This post is part of a special series about metrics that really matter in measuring impact and making data-driven decisions. See the full series here.
This past year, The Kentucky Center for Investigative Reporting saw their journalistic efforts reflected in state investigations, new legislation and indictments. Their Only in Kentucky: Jailers Without Jails series prompted legislation by exposing an inefficient system of electing jailers to counties without operational jails. Another series likely prompted the indictment of a county police chief and a veteran officer after revealing police involvement in the escape and transportation of a mentally ill inmate.
This sort of macro-level impact has been something the Center has been seeing since it started as the investigative reporting arm of WFPL, a public radio station of Louisville Public Media (LPM), which also operates two other stations in the city. Their very first piece won a national Murrow Award.
I spoke with Brendan McCarthy, managing editor of KYCIR, about the organization’s goals, what metrics they care about, how they track impact, and how they use data to further that impact. Here’s what I learned.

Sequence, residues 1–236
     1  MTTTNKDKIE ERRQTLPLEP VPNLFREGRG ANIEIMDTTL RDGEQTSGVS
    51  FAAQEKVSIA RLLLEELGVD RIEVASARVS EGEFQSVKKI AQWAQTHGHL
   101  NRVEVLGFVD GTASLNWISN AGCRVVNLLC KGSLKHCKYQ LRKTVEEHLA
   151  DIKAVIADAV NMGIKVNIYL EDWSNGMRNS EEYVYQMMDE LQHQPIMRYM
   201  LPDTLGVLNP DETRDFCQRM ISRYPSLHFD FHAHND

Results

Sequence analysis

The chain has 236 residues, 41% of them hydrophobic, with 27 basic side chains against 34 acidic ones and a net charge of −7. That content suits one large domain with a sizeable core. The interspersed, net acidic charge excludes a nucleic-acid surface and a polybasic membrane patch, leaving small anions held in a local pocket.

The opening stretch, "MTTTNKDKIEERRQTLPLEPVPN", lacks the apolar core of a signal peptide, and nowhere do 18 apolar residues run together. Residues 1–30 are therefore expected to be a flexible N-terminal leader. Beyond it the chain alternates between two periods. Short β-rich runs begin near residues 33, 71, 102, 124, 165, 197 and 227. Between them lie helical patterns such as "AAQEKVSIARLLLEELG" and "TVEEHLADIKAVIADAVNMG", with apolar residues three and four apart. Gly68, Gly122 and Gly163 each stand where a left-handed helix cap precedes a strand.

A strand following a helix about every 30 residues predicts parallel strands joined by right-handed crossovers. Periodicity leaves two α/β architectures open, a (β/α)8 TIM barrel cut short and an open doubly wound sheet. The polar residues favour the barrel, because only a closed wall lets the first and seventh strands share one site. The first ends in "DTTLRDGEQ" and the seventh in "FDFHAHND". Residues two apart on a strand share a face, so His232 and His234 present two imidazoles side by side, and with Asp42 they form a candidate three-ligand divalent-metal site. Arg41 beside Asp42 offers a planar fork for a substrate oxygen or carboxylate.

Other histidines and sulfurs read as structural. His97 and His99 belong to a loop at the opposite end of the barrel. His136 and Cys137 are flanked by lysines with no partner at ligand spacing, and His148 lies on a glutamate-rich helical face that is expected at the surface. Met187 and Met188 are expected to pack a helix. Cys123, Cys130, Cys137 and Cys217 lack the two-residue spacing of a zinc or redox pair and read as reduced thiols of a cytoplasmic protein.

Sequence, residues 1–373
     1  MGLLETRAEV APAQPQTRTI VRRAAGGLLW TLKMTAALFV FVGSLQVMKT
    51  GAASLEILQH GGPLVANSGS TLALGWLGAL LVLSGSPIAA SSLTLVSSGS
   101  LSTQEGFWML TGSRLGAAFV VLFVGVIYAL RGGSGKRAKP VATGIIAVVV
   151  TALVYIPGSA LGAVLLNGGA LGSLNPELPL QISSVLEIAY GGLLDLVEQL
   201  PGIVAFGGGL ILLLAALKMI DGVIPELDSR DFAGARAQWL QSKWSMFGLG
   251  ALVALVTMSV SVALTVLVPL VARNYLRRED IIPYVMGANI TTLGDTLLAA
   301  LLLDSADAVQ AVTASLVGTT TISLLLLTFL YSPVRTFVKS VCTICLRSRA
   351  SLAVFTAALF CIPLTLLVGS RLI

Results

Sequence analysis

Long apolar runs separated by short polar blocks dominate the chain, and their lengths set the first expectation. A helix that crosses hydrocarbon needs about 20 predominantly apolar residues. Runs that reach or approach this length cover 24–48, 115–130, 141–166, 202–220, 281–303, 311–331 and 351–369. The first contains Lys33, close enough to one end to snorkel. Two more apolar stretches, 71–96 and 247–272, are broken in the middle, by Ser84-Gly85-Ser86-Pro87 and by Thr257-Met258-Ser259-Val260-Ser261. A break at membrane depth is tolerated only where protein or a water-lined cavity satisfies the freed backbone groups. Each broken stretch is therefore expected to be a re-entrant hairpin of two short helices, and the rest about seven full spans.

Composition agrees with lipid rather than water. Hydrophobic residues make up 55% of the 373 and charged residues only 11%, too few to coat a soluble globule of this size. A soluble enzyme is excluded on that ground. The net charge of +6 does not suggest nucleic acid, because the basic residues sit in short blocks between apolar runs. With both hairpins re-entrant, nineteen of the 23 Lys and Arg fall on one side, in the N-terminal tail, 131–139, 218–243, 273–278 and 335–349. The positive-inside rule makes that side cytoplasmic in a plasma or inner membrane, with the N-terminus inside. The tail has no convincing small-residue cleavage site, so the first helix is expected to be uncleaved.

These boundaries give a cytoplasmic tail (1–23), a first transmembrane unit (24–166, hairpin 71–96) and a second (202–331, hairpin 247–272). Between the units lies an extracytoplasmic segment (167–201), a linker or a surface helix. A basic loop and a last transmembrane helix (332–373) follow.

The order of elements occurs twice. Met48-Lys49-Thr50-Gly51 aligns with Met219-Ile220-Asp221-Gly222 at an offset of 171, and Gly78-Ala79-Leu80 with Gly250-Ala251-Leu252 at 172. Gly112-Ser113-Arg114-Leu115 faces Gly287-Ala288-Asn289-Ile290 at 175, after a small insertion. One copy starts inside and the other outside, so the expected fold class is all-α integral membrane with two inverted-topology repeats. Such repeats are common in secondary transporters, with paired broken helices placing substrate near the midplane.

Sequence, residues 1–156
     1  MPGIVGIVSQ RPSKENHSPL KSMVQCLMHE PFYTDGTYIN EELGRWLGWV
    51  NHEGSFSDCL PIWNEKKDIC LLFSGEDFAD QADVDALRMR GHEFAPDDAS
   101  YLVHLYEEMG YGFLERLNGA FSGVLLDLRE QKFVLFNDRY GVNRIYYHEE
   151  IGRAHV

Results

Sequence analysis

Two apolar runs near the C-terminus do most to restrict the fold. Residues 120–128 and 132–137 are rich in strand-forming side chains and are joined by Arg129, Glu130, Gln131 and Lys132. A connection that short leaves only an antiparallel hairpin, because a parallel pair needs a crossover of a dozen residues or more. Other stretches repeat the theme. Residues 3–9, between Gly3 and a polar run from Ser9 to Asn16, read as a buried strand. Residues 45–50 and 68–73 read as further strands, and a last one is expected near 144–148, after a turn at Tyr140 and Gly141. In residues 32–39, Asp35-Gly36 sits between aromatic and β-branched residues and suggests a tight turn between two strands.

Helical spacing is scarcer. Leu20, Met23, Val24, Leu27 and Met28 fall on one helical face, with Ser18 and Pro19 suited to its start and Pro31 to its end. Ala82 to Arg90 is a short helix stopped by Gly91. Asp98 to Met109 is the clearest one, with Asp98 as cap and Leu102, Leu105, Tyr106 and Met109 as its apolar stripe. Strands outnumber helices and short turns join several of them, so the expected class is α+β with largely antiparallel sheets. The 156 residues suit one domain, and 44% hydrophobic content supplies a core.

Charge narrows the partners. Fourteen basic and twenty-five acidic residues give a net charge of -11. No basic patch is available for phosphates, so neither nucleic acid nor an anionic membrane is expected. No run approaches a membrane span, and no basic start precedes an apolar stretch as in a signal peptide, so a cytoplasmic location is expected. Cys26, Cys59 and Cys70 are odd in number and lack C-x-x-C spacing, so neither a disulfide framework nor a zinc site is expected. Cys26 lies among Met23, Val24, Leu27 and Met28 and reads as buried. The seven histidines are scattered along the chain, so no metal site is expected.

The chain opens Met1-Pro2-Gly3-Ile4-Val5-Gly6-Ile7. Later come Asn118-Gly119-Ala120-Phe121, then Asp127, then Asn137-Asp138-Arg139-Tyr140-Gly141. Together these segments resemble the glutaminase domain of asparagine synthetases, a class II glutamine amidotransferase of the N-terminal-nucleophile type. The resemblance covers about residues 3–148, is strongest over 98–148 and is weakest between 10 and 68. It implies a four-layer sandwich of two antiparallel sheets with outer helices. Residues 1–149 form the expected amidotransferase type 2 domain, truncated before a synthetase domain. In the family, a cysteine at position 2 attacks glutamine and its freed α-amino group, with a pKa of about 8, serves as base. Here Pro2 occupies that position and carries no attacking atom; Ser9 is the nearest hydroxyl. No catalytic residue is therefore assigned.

Full Disclosure: I have produced data graphics for KYCIR in the past.
Goals and Distribution
When I talked with McCarthy about the metrics that matter to KYCIR, he didn’t go on about the numbers. Twitter followers and newsletter subscribers were not at the top of his list of concerns. I don’t think I heard him mention the word “pageview.”
What he did talk about was people. He talked to me about KYCIR’s most important asset: its staff. He told me how one of their founding goals was to hire the best reporters that they could find — reporters who would not only be able to produce in-depth investigations, but who would also be able to generate story ideas and follow through on long-term projects.
The ability to keep up with the quick, breaking news stories, and also stick with the more in-depth week-, month-, and even year-long projects allows the Center to manage what McCarthy calls “the daily triage.” The “daily triage” refers to the common problem many smaller, investigative websites face: lack of resources coupled with a need to produce both content that keeps people coming back to their site often and content that takes on a longer form and is unique in its breadth, detail and research.